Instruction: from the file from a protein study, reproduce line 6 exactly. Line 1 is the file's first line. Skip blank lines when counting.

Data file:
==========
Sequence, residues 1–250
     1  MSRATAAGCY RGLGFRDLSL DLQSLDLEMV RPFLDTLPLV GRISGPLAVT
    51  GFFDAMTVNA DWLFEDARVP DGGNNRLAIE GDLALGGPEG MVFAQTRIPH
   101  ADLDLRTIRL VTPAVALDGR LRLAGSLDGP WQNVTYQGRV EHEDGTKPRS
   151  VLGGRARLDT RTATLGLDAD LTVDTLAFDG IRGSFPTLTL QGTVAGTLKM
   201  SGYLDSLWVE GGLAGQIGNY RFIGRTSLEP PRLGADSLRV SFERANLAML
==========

   201  SGYLDSLWVE GGLAGQIGNY RFIGRTSLEP PRLGADSLRV SFERANLAML